N.S. tech company carries on in face of security probe, class action

·4 min read
Meta Materials Inc. of Dartmouth went public on the Nasdaq in 2021 after a reverse merger with Torchlight Energy Resources, a publicly traded Texas company. (Eric Thayer/Reuters - image credit)
Meta Materials Inc. of Dartmouth went public on the Nasdaq in 2021 after a reverse merger with Torchlight Energy Resources, a publicly traded Texas company. (Eric Thayer/Reuters - image credit)

A Nova Scotia advanced technology company trading on the Nasdaq is dismissing an investor lawsuit launched against it this week.

The class action filed Monday in a New York court accuses Dartmouth-based Meta Materials Inc. of making false and misleading claims about its products that inflated its share price.

Meta Materials stock has plunged since it began public trading last year from $16.77 in July to $2.48 on Thursday.

"These types of lawsuits are unfortunately a common occurrence for companies with stock listed on public exchanges in the United States," Mel Rusinak, manager of corporate affairs for Meta Materials, said in an email to CBC News.

"With the lawsuit having just been filed, it will be months before a lead plaintiff is appointed to represent the class and before we have an opportunity to respond.

"We believe the lawsuit is without merit and intend to vigorously defend against it."

None of the claims contained in the lawsuit has been tested in court.

Fadila Chater/The Canadian Press
Fadila Chater/The Canadian Press

The suit was filed by the Rosen Law Firm, which specializes in investor actions.

In the days following, other U.S. law firms have issued public calls for investors interested in joining the suit.

While the lawyers circle, company officials are showing off their wares this week at the giant Consumer Electronics Show in Las Vegas.

Meta Materials is developing advanced coatings that it says can make solar power more efficient, protect pilots from laser glare and improve the reception of 5G cellular signals when applied to windows on buildings. Meta Materials is also trying to develop wireless sensing medical devices.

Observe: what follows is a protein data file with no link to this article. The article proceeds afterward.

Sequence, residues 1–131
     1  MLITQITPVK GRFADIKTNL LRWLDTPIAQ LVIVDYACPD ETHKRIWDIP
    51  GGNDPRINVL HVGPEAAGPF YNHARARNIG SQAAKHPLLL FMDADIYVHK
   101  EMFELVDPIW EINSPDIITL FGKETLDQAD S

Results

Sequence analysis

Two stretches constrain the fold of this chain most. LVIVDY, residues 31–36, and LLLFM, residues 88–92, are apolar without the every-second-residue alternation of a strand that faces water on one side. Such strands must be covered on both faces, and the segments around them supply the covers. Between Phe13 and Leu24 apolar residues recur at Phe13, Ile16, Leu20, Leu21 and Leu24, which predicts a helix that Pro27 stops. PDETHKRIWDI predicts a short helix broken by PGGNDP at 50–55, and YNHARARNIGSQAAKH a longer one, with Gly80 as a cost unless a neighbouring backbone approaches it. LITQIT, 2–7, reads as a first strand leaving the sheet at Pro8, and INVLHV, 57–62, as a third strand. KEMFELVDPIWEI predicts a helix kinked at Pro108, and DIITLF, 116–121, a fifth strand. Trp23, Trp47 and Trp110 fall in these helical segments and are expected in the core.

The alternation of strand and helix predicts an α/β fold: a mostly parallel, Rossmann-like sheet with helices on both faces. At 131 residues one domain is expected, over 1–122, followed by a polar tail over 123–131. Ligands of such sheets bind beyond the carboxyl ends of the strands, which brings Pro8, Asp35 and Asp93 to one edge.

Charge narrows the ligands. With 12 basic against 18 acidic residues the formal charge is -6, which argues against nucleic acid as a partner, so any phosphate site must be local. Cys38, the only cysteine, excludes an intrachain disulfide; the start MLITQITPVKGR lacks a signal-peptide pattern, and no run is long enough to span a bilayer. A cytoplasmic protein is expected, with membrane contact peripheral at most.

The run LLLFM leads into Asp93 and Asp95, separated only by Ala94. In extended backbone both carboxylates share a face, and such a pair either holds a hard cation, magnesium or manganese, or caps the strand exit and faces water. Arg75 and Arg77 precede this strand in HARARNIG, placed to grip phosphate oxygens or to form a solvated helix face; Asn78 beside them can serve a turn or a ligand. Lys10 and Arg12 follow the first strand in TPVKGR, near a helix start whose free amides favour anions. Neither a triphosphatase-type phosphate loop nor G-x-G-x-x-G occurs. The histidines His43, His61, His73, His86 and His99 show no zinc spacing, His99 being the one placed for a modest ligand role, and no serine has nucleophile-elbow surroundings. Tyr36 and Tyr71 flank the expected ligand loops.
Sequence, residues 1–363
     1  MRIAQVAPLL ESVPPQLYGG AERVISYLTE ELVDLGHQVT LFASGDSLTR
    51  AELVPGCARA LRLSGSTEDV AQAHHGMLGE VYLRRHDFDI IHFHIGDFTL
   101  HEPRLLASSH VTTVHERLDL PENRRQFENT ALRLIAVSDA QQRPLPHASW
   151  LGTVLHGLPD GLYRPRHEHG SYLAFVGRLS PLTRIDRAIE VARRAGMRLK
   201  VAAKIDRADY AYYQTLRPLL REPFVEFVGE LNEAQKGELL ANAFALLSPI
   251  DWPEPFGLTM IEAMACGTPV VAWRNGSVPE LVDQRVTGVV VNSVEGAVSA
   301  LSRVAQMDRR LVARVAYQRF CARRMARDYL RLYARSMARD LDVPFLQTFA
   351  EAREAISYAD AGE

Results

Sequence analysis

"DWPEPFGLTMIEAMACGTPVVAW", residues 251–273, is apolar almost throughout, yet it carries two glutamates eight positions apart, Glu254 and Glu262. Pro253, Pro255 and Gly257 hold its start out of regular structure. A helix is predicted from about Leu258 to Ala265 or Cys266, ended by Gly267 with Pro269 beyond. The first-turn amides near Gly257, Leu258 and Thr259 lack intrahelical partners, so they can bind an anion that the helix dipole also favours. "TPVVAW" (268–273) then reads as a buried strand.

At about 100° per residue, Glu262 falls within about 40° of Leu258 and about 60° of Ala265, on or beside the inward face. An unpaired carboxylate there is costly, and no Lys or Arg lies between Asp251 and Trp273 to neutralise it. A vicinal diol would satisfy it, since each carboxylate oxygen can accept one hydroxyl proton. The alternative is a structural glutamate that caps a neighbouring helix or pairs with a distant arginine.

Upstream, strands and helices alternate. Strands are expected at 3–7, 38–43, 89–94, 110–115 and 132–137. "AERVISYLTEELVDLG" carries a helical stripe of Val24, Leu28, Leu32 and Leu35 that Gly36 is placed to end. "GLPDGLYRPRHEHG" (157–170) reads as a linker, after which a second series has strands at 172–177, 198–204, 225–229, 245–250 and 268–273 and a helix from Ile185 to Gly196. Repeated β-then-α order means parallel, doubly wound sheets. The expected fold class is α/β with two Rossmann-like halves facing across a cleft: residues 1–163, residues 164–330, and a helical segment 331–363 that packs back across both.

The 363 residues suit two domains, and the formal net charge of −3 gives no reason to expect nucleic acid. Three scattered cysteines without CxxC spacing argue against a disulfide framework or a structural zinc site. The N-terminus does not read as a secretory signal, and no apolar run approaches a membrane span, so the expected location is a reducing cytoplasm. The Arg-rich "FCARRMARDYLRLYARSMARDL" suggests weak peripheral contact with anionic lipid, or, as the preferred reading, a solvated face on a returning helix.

The company disclosed in November that it is under investigation by the enforcement branch of the Securities and Exchange Commission.

Reverse merger

In September, it was served a subpoena ordering it to produce — among other things — documents and information relating to the deal that led to it going public on the Nasdaq.

"The company is co-operating and intends to continue to co-operate with the SEC's investigation," Meta said in its third-quarter report released Nov. 15.

It became listed after a reverse merger with publicly traded Texas company Torchlight Energy Resources. In a reverse merger, a private company buys out a public one, then has shares of the new business listed for public trading.

The SEC investigation disclosure was followed less than a month later by a blistering report from Miami investment firm Kerrisdale Capital. The firm is "shorting" the stock, meaning it makes money if the share price drops.

It described Meta as "a 'Photonics' company that's an optical illusion ... a $1-billion market cap company whose business is comprised of a whole lot of nothing: no real revenue, no promising technologies, undeveloped products, no track record of achievements."

Rusinak declined to respond to the claims in the Kerrisdale report.

N.S. made $100M

One investor has come out ahead.

When Meta Materials was listed on the Nasdaq in July — with a spike in share prices — Nova Scotia Crown corporation InnovaCorp sold its $3.1-million early investment in the company and made $104 million in profit.

In total, more than $20 million in various forms of government assistance to Meta Materials has been announced, mostly from federal agencies. However, not all projects have advanced.

In 2017, Sustainable Development Technology Canada approved $5.4 million in total funding "to develop a novel manufacturing process for nanostructured solar coatings in Halifax."

But the solar-powered vehicle technology project never got rolling. The agency told CBC News on Thursday that Meta Materials did not move forward and did not complete its first milestone.

"Other than a preliminary disbursement to kick off the project in 2018, the majority of the $5.4 million funding has not been provided to the company," spokesperson Janemary Banigan said in an email.

ACOA says company 'in good standing'

The Atlantic Canada Opportunities Agency has put in the most government money — $6.8 million.

It says each project undergoes rigorous due diligence.

"Meta Materials Inc. is in good standing with the agency. It would be inappropriate for ACOA to provide further comment," said ACOA spokesperson Jay Witherbee in a response to CBC News.

The Business Development Bank has also invested $5 million in Meta Materials through a convertible debenture that can be converted into shares.


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